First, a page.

Sometimes a project is tough, it seems to have an inertia, an almost sentient quality resisting your every effort to make progress. And then there's Flintlock.
The good ship, Lady Flintlock is charging ahead with a full sail and calm waters as far as the eye can see.
In other words, things are going well. The play test groups are really doing us proud and continue to supply critical feedback and insight. Some are going even further, designing characters, writing modules and creating Character Sheets! Really, RPG players are the most creative, collaborative and generous of people.
We've added all sorts of things, wild animals, animal companions, ship-to-ship combat, 18th Century travel rules, armour and detailed descriptions of Flares; mostly at the suggestion of play testers.
During the play testing and feedback some interesting points have been raised and I thought it might be interesting to throw those out to the wider community. It would be great if anyone wanted to leave a response.
Specialist fonts - can a little verisimilitude be too much?
The font used in the comic for sub-headings/flavour text is one called 18th Century and it is actually derived from real 18th Century handwritten script. This means that the modern day "s" is presented as an "f" minus its cross-stroke. Now, originally i used the font accidentally, for all headings and sub-headings, I had intended replacing the "f"s with a provided "s". I forgot and in the blink of an eye, there they were.
At first they really bugged me, but as my eye tuned into them i started to like them, to appreciate the way they captured the feel of text from our past. I even wondered about applying it to the whole book, as a sort of faux-18th Century special edition! (I'm a sucker for things like that, I'd buy both versions.)
Then the feedback started coming in and rather like Marmite (apologies to those of you who are unaware of this singularly British foodstuff, suffice to say it has a very distinctive taste and splits opinion most exactly) it was a clear case of love-it-or-hate-it!
So, what do we think? Yes, no, give-me-some-time-to-get-used-to-it?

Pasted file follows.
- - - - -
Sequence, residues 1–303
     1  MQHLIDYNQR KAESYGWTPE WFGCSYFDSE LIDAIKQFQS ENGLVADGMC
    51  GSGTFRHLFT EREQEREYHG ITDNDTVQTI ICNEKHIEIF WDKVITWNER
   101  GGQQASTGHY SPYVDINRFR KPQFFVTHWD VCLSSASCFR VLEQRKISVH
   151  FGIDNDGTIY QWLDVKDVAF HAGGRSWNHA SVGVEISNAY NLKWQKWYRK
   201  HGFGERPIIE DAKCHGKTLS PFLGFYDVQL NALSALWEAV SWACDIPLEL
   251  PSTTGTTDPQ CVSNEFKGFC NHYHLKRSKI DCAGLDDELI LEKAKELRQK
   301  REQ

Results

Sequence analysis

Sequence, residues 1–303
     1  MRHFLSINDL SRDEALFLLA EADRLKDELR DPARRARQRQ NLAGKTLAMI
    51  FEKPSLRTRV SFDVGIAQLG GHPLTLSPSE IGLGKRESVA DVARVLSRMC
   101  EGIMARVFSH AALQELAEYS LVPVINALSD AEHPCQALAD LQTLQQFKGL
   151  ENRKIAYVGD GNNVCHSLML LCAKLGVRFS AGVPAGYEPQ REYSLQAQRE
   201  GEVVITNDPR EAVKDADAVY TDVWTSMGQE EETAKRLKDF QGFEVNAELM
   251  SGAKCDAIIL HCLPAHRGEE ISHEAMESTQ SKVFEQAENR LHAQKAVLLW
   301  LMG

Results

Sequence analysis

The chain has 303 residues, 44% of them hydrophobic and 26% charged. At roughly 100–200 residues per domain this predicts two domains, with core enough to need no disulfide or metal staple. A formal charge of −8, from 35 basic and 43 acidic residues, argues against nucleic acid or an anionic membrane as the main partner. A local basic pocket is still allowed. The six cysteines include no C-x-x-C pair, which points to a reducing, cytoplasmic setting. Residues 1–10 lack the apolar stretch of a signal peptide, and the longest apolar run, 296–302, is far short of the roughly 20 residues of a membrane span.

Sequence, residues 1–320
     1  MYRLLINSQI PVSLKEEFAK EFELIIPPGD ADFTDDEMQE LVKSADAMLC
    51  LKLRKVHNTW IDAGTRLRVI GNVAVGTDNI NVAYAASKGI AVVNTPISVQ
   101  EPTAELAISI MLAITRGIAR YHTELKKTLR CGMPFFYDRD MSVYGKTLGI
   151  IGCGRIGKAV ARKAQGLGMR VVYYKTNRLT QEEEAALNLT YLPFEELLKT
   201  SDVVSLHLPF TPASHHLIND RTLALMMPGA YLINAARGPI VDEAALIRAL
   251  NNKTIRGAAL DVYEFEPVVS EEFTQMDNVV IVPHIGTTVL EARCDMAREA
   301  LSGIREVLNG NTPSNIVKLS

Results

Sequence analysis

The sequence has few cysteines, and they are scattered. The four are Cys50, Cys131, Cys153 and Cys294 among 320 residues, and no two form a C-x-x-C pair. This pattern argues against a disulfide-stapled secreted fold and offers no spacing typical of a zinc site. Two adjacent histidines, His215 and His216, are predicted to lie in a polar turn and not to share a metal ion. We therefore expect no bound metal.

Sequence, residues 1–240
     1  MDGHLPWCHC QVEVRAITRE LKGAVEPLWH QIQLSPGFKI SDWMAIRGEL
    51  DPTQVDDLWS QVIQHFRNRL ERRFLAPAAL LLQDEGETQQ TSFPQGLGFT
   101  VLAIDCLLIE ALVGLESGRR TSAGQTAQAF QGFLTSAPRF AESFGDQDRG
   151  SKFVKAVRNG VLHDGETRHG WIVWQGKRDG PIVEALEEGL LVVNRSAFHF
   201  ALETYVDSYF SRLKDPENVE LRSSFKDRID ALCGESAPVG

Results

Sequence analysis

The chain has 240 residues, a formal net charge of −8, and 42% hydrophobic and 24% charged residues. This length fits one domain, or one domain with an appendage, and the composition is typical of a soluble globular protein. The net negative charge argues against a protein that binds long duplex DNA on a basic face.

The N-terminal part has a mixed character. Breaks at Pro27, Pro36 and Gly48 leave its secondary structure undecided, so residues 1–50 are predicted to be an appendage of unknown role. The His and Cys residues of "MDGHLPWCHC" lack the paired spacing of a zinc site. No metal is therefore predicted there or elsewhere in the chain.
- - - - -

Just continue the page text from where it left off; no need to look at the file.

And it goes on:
Comments below, please!
How deadly is too deadly?
I make no bones about it (ha!), the combat in Flintlock is deliberately designed to be dangerous. In doing this I wanted to capture the risk that individuals took if they engaged in violence. The system makes it easier to kill an opponent than it is to achieve any other result, such as wound or incapacitate. It also forgoes the traditional hit point solution and simply puts a PC in a condition, dead, incapacitated, disabled or wounded; each has its own consequence.
I really like this, because I want players to be motivated to role play rather then roll play. I want them to realize that, unlike say a fantasy RPG which offers "monsters" as sword and spell fodder we can hack and blast our way through without really having to consider what we are doing. I want the players, and by extension their characters, to value human life, even if it is only their own to start with. I want GMs to create NPCs that have real substance, that they come to love as much as the players love their PCs. I don't want people to be seen as obstacles to be killed off, unless that fits the PC's nature of course.
Now, I know that their are people running campaigns in traditional style games that encompass the same philosophy that I'm expounding, and I am in no way criticizing OSR games or attitudes (I'm a grungy old Grog myself), but I just wanted to give myself a design challenge that I thought would create an interesting reality to play in.
As a balance we do offer the optional Humanity Scale which plays rather like sanity in CoC, moving PCs closer to losing their humanity as they commit more and greater acts of violence.
So, is deadly too deadly. Am I being selfish. Am I being too analytical, will GMs moderate the death rate anyway?
Thoughts below, please!
Technical language, to use or not to use, that is the question!
Simple one here. In the game we split characteristics into Intrinsic and Extrinsic. I'm happy with that, I think those are pretty clear concepts, but a number of testers have wondered whether a less technical(?) or obscure(?) pair of terms should be used, like natural/nurtured or known/learned.
Thoughts below, please!
Seduction, persuasion, intimidation and killing; when are these ok and not ok?
This is a sensitive one. When is it acceptable to take control of another person and make them do things they might not choose? What are the limits?
In any of my games, I let players know that any sort of persuasion will never make someone act in a way that is fundamentally opposed to their basic character.
Seduction is even more problematic for me. The fact that it introduces the possibility of a sexual component into the game is one that I am not necessarily comfortable with either, and I am no prude, but let's face it, its a very individualistic thing. I've played games that have sensitively and one might even say, therapeutically, addressed sex and sexuality, and those were great games. On the other hand, I've played games in which misogyny and homophobia have crawled forth, and those were not great games.
Flintlock is what I like to call a DcRPG, a Diversity conscious Role-Playing Game. It is based on a comic series that actively eschews the 35-40 year old, straight, white and male protagonist. We want a game in which players might choose to play a PC who is different from their usual choice, different in that they are anti-heroes, different in that they are not constricted by gender, different in that gender is not even listed on character sheets.
Finally, I wonder why a lot of of us are starting to question these modes of play, but very few of us add killing into that discussion. If I am putting serious thought into "should players be able to seduce NPCs" shouldn't I be putting the same effort into the question of murder?